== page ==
How to Talk About Trump’s Immigration Policies with Your Anti-Immigrant Friends and Family
Seventeen months ago, our nation cried out in horror as the Trump-Pence administration gleefully issued its first Muslim travel ban. This week, many of us are deeply disappointed in the Supreme Court’s decision to uphold the anti-Muslim animus. What’s interesting in the decision is that the Court refused to comment on the soundness of the policy, leaving us to question whether they too – all of them, not just the four Justices who rejected the policy’s Islamophobia – see that the travel ban is just one spoke in the anti-immigrant wheel. NEWSFLASH: we, immigrants and the children and grandchildren of immigrants, do. Admittedly, even in our own communities – whether over the dinner table, in temple or church, or leaning over one another at the local bar – there’s still some disbelief and opposition to the fact that we are living with a bigoted, anti-immigrant government. And it’s led to some very difficult conversations with family and friends alike.
While we wait for more answers from this administration, tensions have been rising with friends and family who may have strong opinions about immigration or agree with the “zero-tolerance” policy. Even more alarming, is that this latest demonstration of xenophobia does little to deter the growing wedge between naturalized citizens and permanent residents from our communities who’ve “made it” and those still on the outside yearning for asylum and a better life.
For many of us, this maelstrom stirs up old debates of comprehensive immigration reform; reignites insidious racial formations like theModel Minority Myth, the toxic and false dichotomy of “good” vs “bad” immigrants and brown folks,and the complexity of race within the American Dream; and our own families’ immigration journeys. The dissonance and lack of empathy between those who’ve “made it” and those who haven’t is not a rarity among naturalized citizens. In fact, it’s something many of us New Americans – naturalized citizens as well as the native-born children and grandchildren of immigrants – are forced to reckon with and negotiate often.But if we’re going to get anywhere productive and bring our country back from the brink of toxic nationalism, here are some top immigration misconceptions and how to talk about them, whether in the days to come or ahead of the worldwide #FamiliesBelongTogether protests tomorrow, June 30.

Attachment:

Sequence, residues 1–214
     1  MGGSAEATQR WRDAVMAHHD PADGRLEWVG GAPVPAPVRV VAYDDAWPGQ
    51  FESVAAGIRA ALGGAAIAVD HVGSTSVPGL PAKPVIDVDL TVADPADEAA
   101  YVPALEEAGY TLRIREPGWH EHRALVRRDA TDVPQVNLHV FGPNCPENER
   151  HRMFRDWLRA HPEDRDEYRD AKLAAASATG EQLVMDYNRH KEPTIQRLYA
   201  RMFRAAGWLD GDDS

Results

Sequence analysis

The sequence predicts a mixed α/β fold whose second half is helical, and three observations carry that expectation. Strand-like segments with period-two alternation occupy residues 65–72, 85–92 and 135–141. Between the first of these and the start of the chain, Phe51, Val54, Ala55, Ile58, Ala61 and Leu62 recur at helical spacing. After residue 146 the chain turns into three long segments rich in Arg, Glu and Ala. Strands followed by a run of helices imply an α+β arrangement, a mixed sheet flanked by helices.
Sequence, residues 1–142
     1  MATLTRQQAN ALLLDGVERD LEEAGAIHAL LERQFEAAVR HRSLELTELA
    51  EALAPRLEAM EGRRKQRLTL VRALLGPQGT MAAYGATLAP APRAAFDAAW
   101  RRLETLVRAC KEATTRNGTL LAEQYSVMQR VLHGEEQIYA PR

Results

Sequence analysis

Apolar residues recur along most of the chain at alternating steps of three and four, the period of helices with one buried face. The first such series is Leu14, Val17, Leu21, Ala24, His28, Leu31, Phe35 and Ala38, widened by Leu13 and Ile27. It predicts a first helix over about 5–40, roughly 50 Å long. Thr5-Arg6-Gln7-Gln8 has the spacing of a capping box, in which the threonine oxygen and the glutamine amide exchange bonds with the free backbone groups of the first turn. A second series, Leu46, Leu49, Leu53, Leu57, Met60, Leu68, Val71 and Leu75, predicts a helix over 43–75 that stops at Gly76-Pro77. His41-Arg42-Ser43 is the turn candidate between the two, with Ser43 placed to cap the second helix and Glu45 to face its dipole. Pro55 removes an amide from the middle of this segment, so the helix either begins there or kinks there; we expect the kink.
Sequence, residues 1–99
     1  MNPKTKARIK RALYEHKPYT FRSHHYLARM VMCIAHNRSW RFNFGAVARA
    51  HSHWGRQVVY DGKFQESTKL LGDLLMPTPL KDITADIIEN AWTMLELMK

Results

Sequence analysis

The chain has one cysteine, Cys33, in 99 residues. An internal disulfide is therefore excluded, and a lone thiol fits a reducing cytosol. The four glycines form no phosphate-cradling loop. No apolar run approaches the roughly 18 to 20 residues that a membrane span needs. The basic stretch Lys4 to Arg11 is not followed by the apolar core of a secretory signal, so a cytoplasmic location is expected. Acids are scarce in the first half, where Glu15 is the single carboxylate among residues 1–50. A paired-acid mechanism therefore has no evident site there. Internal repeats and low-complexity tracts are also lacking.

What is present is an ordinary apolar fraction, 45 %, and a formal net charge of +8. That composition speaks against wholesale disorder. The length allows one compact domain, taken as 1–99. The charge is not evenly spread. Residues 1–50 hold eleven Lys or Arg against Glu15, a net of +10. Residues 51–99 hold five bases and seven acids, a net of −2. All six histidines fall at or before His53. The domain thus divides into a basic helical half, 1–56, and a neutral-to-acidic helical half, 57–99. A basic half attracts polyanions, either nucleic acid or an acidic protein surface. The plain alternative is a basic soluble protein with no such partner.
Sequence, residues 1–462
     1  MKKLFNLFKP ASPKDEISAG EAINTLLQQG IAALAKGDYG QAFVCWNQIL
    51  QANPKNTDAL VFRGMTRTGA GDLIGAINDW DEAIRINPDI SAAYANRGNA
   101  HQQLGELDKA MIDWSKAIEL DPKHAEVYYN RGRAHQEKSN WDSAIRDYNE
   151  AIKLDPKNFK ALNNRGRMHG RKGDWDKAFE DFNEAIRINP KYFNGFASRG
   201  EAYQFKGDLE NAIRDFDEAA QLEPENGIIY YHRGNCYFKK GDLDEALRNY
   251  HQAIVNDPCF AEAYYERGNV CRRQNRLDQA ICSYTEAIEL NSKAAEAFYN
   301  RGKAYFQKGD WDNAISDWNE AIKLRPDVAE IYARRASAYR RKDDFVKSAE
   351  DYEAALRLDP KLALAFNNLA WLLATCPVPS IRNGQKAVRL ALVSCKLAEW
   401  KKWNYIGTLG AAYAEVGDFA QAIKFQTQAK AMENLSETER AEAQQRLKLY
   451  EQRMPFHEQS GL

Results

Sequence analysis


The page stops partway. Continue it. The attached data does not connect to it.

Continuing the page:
1. “Why are you still mad? Didn’t Trump end family separation?”
Donald Trump literally started it. On May 7, the Trump administration rolled out its “zero-tolerance” immigration policy— prosecuting all those who illegally cross the border, even those seeking asylum at designated ports of entry, and separating migrant children from families as one mode of deterrence.
The Trump administration took great lengths to both defend its policy of separating migrant families and deny it was even happening.
Attorney General Jeff Sessions defended the policy by quoting the Bible. Press Secretary Sarah Huckabee Sanders lacked empathy during a press briefing about the policy, and later let Homeland Security Secretary Kirstjen Nielson join a joint press briefing, which led Nielson to deny the policy even existed. Amid this entire administrative fiasco, President Trump lied about his own policy, instead displacing blame and tweeting that the policy was created by the Democrats.
Capitulating to the overwhelming national and international attention, last Wednesday, Trump signed an unnecessary executive order to “undo” his ownfamily separationpolicy. But let’s be clear – his executive order does NOTHING to remedy this administration’s moral turpitude, xenophobia, and our immigration crisis, or its zero tolerance policy. The executive order ends family separation, only to substitute it with promises to cage families together in overflowing detention centers. Moreover, there are still so many questions as to what’s going to happen to the children who have already been separated and whether they will be reunified with their families, as well as the prevailing legal and human rights issues of detaining children for more than 20 days.
And while we’re at it, let’s say add this to the pyre of outrage: DUE PROCESS APPLIES TO ALL, even – and especially – those detained at the border in an attempt to access a better life or reunite with one’s family.
2. “They are taking our benefits and using taxpayer money.”
I’m sorry – what now? Who’s “they”? As with most facets of our rich democracy, people don’t really understand how they got to where they are and the tremendous resources that were available to them in their pursuit of opportunity. In this particular case, beneficiaries might not recognize – or have forgotten – their preferential treatment and “luck of the draw” in a totally byzantine immigration system. So, for these friends, aunties, uncles, and parents we say: